By: JORDAN RAE LUCAS
I will be the first to admit that I was skeptical about Marvel’s plans to develop a film with a talking raccoon. My doubts and those of many fans of the franchise were not assuaged when the casting for sci-fi action-comedy “Guardians of the Galaxy” was announced.
Could Chris Pratt, the lovable oaf from NBC’s “Parks and Recreation,” be believable as the leader of a ragtag crew of aliens and criminals? Would audiences accept an iconic action hero like Vin Diesel as a sympathetic talking tree with a three-word vocabulary?
If the film’s $258 million box office-topping total earning is any indication, the answer to both questions seems to be a resounding yes. It helps that the characters, who on the surface, seem to be a body swap for the actors, are not completely against type. Pratt’s Peter Quill may fancy himself a ladies’ man and a born outlaw, but leans more toward the charismatic hubris of a 12-year-old playing cowboy. Diesel’s Groot balances his innate adorableness by being the brutish muscle for Bradley Cooper’s (“The Hangover”) bounty-hunting, genetically-modified raccoon, Rocket.
Cooper, as well as the final members of the team –Zoe Saldana’s Gamora and Dave Bautista’s Drax– seemed more suited for their roles. Cooper has more or less built his career playing the cocky bad boy with a sensitive side. Throw in some fur, an inexplicable Brooklyn accent and a Napoleon complex and you have Rocket. Saldana is no stranger to playing strong, no-nonsense women in the male-dominated sci-fi genre, starring in “Avatar” as well as J.J. Abrams’ “Star Trek” films. Bautista’s claim to fame as a professional wrestler made him a logical choice to play a character known as The Destroyer.
Overall, the characters as well as the actors’ performances were very well-crafted. I only wish each character had been given their own standalone, lead-in film. The Marvel Cinematic Universe has, perhaps, spoiled its fans with films like “Iron Man” and “Thor” that fully fleshed- out individual characters and their tragic backstories before putting them on a team together. In noticeable contrast, all the characters except Quill have their personal tragedies summed up in a sentence.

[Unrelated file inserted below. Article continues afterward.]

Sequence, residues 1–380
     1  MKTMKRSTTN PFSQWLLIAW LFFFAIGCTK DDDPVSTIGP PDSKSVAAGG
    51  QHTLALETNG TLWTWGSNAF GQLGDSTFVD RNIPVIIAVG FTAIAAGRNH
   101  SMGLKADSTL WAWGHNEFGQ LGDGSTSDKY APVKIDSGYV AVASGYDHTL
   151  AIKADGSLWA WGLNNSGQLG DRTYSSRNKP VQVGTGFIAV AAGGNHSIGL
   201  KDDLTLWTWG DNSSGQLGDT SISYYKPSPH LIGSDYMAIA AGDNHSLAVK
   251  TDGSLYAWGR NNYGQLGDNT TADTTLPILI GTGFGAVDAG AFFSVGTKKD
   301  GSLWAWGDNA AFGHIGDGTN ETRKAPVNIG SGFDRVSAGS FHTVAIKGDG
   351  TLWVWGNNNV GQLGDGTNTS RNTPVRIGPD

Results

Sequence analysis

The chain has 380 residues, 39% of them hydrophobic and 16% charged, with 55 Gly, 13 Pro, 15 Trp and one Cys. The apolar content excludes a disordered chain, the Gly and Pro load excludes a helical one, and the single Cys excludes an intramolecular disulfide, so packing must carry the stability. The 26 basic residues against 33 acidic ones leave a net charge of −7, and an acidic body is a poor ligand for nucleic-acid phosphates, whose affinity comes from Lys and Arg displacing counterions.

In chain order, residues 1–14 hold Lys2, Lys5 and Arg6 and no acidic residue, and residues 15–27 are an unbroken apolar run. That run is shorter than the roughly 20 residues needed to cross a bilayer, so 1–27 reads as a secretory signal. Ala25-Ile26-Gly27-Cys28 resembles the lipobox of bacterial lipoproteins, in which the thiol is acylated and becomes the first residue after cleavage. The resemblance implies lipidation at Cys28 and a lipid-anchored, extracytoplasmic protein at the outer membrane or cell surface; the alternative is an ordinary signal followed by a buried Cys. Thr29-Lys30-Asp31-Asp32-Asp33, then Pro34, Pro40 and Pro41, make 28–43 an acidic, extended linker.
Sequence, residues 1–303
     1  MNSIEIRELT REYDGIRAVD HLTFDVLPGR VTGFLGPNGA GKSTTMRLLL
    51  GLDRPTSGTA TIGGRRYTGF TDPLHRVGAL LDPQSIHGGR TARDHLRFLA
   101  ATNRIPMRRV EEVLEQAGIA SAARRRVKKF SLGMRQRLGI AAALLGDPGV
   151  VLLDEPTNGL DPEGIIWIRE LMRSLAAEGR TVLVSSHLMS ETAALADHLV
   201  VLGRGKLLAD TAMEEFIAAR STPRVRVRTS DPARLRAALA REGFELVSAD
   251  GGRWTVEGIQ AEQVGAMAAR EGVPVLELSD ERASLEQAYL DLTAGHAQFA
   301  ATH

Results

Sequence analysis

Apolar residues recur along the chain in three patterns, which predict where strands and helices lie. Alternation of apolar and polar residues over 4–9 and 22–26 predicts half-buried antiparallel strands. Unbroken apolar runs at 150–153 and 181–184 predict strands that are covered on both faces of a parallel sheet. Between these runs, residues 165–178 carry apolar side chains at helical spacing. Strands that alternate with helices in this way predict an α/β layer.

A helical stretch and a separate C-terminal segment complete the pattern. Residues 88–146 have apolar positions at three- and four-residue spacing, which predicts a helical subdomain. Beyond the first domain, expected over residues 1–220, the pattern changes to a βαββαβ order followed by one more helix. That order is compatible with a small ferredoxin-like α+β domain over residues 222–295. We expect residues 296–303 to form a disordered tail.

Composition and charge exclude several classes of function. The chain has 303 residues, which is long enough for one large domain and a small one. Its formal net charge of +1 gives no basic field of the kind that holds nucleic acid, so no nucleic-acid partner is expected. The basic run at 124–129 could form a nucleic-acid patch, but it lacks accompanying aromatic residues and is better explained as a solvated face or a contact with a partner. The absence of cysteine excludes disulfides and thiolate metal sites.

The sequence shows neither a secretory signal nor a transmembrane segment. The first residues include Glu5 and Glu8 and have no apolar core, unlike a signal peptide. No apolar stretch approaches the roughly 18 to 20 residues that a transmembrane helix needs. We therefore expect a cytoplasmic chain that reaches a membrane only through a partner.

The first five minutes of the film provide Quill’s tale of woe: becoming an orphan and being abducted by aliens in the same night. The opening of the film seems very bleak in contrast with the funny and fantastical tone of what follows. Similarly, the other characters’ heartbreaking lines of dialogue seemed abrupt and clunky as though added to the script as an afterthought.
The stellar, if unexpected, cast was not the only strength of the film. The filmmakers managed to suspend the movie in a time all its own. “Guardians” is set in space in 2014, a fact that is very difficult to remember through the course of the film. Between the space-aged technology and a soundtrack and pop culture references that predate 1988, the film is pleasantly disorienting. It is rare for a sci-fi film to be anything but futuristic and certainly never nostalgic, but this one manages to do just that.
There is a nice juxtaposition to hearing The Jackson 5 playing in a spaceship. Part of the climactic battle at the end of the film even takes the visual form of Space Invaders. This sightly gag, as well as the repeated references to “Footloose,” may have gone over the heads of the younger audience members, but helped make the film enjoyable for the whole family. This was especially important for a movie in which the premise could have easily veered toward campy children’s movie territory.
In short, it seems only fitting that “Guardians of the Galaxy,” a film about underdogs who save the day, was underestimated only to bring in the largest box office total of the summer blockbuster season.